Springfield’s snow emergency ended at 7 0′ clock Wednesday morning, following 65 hours of plowing, shoveling and salting.
The price tag for paying crews to work day and night to clear streets of 18 inches of snow is estimated between $50,000 and $75,000.
That’s a sizeable portion of Public Works Director Mark Mahoney’s $300,000 overtime budget for this year.
MAHONEY: “If we run short, we’ll have to look at adjusting some funds somewhere, cutting back in another area of our budget. You know, obviously we have to clear the streets, we have to take care of the snow – and that’s at the direction of the Mayor and the City Council. Never – at least to my knowledge – have we not found the funds to do that.”
Mahoney says crews responded to complaint calls from some residents whose streets were not plowed in a timely manner. Many snow removal vehicles now use GPS locators, which Mahoney says continue to help his department track progress and shorten response time.
Now that roads are clear, the city turns its attention to its annual yard waste pick up program.
Director Mahoney Tuesday night asked aldermen to give preliminary approval of a contract with Evans Recycling of Springfield for disposal of tree branches and yard waste bags.
LISTEN to discussion on 3-yr. contract with Evans (incl. sale of used city equipment)
Evans was chosen from three bidders who responded, in part because the company agreed to buy a piece of city-owned machinery that turns branches into mulch. Alderman Tim Griffin expressed concern that sale of the recently purchased equipment would result in a net loss for the city and asked if the Department had considered lease agreements instead. Mahoney says that “for operations, for safety and for service to the public” selling the equipment and leaving yard waste and branch disposal to a private firm is the best deal:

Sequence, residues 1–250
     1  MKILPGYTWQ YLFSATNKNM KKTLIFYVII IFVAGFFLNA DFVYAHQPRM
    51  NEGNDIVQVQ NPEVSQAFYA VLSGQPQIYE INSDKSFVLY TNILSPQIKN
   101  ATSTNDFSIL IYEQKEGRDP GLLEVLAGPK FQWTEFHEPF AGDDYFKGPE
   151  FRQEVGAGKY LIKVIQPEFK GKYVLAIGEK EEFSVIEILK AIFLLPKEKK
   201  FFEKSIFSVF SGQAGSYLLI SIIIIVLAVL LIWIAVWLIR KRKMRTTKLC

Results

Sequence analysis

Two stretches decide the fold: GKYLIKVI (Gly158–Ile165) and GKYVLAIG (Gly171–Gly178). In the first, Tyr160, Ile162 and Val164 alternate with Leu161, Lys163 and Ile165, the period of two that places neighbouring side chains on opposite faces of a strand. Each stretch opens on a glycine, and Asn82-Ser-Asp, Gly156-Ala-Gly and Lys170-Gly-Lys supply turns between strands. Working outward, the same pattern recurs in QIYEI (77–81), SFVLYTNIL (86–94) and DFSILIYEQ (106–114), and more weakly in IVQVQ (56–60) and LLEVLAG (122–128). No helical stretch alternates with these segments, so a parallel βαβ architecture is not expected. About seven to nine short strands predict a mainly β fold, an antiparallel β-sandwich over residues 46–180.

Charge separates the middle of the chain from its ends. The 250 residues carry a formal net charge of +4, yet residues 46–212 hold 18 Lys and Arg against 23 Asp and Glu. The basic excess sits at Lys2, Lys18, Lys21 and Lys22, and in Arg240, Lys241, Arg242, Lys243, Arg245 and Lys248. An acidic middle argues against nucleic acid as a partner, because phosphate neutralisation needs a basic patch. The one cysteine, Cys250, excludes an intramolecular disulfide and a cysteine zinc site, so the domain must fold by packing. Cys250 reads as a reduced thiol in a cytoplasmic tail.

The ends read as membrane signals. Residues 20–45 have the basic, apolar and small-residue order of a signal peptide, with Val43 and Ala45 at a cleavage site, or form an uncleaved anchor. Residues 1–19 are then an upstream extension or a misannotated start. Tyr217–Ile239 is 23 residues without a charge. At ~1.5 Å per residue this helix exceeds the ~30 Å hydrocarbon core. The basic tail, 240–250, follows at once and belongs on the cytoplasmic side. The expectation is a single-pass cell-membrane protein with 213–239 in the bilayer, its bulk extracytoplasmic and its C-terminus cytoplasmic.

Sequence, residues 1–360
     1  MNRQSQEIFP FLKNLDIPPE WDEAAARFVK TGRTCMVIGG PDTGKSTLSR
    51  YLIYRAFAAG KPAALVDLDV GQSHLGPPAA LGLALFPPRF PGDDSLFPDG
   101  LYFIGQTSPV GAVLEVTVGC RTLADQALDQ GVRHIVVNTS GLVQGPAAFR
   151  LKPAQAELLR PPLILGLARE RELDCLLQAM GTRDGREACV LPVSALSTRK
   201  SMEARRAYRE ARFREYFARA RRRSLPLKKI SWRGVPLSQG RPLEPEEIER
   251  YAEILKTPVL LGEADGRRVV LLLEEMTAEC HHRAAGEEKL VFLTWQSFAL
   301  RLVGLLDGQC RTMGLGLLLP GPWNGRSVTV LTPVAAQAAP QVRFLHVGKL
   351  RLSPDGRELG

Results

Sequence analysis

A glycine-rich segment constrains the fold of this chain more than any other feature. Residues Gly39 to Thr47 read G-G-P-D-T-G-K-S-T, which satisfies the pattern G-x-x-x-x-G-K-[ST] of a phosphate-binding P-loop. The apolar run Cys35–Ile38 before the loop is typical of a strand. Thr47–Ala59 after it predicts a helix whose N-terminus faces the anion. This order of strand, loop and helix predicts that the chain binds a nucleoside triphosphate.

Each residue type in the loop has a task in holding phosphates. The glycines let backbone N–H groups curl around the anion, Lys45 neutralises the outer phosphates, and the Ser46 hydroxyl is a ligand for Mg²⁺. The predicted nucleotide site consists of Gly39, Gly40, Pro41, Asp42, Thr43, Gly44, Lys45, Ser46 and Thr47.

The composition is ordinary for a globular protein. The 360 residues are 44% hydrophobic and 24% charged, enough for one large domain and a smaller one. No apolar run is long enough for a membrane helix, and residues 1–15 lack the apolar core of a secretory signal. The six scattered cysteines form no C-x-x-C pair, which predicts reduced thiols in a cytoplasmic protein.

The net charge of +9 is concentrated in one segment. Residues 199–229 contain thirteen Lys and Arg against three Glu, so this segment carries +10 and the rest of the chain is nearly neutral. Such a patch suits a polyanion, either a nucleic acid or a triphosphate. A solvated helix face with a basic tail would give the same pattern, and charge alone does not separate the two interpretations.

MAHONEY: “There [are] many things, I believe, personally, that the private sector does a better job at. They’re better at dealing with the mulch, getting rid of it. We’ve tried to that… it’s an inconsistent market.”
Aldermen meeting in committee voted unanimously to put the ordinance – which would commit the city to a $978,000 contract over three years – on the debate agenda for the April 2 meeting of the City Council.